The court cited Aartiben W/o Nandubhai Jayantibhai Sujnani vs. Commissioner of Police (in L.P.A. No.2732 of 2010 dated March 28, 2011) wherein the decision of Supreme Court in Pushker Mukherjee vs. State of West Bengal AIR 1970 SC 852 was quoted. The apex court had drawn a distinction between public order and law and order. “The contravention of any law always affects order but before it can be said to affect public order, it must affect the community or the public at large. In this connection we must draw a line of demarcation between serious and aggravated forms of disorder which directly affect the community or injure the public interest and the relatively minor breaches of peace of a purely local significance which primarily injure specific individuals and only in a secondary sense public interest,” the apex court had held.
The court, in this case, observed that the law of preventive detention has to be construed not as in an ordinary criminal proceedings of detaining or arresting a person who is said to have committed crime. Instead, the law of preventive detention is to be strictly followed as per the statute and the settled law on the point. The court observed that there is only a single FIR related to prohibition offences and “by no stretch of imagination can we hold that such incidents could describe a person as a bootlegger,” the court said.
The court held that the detaining authority failed to substantiate that the alleged antisocial activities of the appellant-detenu adversely affect or are likely to affect adversely the maintenance of public order.
“Just because a solitary offence has been registered against the appellant-detenu under the Gujarat Prohibition Act, that by itself, does not have any bearing on the maintenance of public order. The order of detention, therefore, cannot be sustained and deserve to be quashed and set aside,” the court said.
The court thus, quashed the judgement passed by the single judge bench as well as the detention order and directed the appellant to be released forthwith.
On August 18, Gujarat High Court Bench of Justice Paresh Upadhyay restricted the state government from issuing detention orders under PASA against three traders booked for some offences under the GST laws.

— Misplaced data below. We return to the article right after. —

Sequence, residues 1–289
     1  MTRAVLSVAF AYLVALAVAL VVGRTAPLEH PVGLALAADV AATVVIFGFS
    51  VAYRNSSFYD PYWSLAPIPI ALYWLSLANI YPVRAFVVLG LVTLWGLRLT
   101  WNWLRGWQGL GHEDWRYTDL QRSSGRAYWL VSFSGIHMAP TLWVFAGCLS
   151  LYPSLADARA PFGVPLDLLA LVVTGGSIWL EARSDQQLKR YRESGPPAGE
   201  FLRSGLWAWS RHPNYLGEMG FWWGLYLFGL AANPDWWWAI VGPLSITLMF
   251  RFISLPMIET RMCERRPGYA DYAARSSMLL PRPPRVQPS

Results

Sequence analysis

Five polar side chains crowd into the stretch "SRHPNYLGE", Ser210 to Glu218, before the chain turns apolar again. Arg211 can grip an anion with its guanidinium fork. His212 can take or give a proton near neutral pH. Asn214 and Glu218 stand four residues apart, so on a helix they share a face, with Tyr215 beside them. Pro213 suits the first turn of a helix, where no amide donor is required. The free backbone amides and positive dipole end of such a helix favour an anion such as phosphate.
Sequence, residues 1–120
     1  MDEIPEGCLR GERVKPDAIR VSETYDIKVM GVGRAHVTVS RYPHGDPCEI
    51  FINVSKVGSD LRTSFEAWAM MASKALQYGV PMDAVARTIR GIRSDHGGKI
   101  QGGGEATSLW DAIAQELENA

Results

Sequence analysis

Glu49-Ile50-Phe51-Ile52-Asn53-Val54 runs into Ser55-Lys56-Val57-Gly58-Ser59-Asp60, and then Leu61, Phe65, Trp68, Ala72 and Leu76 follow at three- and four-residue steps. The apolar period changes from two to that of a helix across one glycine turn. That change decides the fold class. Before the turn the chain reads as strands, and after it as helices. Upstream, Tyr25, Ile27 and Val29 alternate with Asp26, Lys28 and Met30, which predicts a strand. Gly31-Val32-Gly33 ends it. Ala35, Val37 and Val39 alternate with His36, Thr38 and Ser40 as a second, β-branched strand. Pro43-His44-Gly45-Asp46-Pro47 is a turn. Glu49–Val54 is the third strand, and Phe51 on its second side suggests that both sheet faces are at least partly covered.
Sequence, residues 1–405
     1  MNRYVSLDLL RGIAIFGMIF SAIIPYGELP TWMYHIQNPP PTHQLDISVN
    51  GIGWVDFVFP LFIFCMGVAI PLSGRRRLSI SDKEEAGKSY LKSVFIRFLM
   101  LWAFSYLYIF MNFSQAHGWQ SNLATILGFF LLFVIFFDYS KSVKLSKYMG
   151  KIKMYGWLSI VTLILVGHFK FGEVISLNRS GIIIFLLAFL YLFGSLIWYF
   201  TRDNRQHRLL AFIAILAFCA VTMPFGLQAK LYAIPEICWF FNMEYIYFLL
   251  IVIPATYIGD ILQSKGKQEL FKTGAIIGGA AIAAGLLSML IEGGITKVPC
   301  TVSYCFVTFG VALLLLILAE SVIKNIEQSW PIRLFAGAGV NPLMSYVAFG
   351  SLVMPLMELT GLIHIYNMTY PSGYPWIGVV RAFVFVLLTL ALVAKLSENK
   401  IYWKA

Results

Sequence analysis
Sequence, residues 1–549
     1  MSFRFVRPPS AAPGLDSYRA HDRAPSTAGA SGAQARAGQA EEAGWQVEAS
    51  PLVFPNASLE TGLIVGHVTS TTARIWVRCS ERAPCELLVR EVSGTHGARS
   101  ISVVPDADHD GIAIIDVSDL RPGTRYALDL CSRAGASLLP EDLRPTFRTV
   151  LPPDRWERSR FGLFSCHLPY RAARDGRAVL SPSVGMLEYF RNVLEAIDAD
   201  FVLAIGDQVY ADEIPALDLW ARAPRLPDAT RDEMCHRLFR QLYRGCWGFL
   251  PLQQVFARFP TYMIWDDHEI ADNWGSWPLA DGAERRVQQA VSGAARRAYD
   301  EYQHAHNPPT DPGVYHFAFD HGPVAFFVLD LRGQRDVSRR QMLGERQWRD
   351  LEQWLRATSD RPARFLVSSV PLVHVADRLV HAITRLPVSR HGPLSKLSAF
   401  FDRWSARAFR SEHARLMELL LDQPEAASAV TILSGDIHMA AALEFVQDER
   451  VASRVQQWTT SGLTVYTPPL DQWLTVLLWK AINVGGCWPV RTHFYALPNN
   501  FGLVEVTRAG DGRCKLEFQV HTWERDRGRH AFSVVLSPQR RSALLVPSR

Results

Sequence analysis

Misuse of PASA
This is not the first time, the Gujarat High Court has pointed towards the indiscriminate misuse of PASA against people. In early April the bench of Justice Upadhyay had preemptively stalled the execution of detention order, and observed that it was a private dispute between the parties but the police had still filed the FIR and deemed the petitioner to be a ‘dangerous person’ under PASA and intended to detain him. The court observed, “Such tactics need to be nipped in the bud. Rampant misuse of PASA is noticed by this court. This is one of such examples, where it is the police authorities who take upon such responsibility to settle the financial transaction / disputes between the parties, with the aid / threat of PASA.”
The Gujarat High Court has time and again warned the state’s police and the detaining authority against the pertinent misuse of this law in force for over three and a half decades. In several cases one pattern of misuse and continued detention through this law was by the time-tested method of multiple FIRs registered against a person; even if some of these FIRs dated from several years ago. In one case it was found that the several allegations on which the man was detained were all false and despite the Police themselves attesting to this in a report, he was still detained!
The complete analysis of how PASA has been misused with the high court pointing out the same, may be read here.
The high court order may be read here: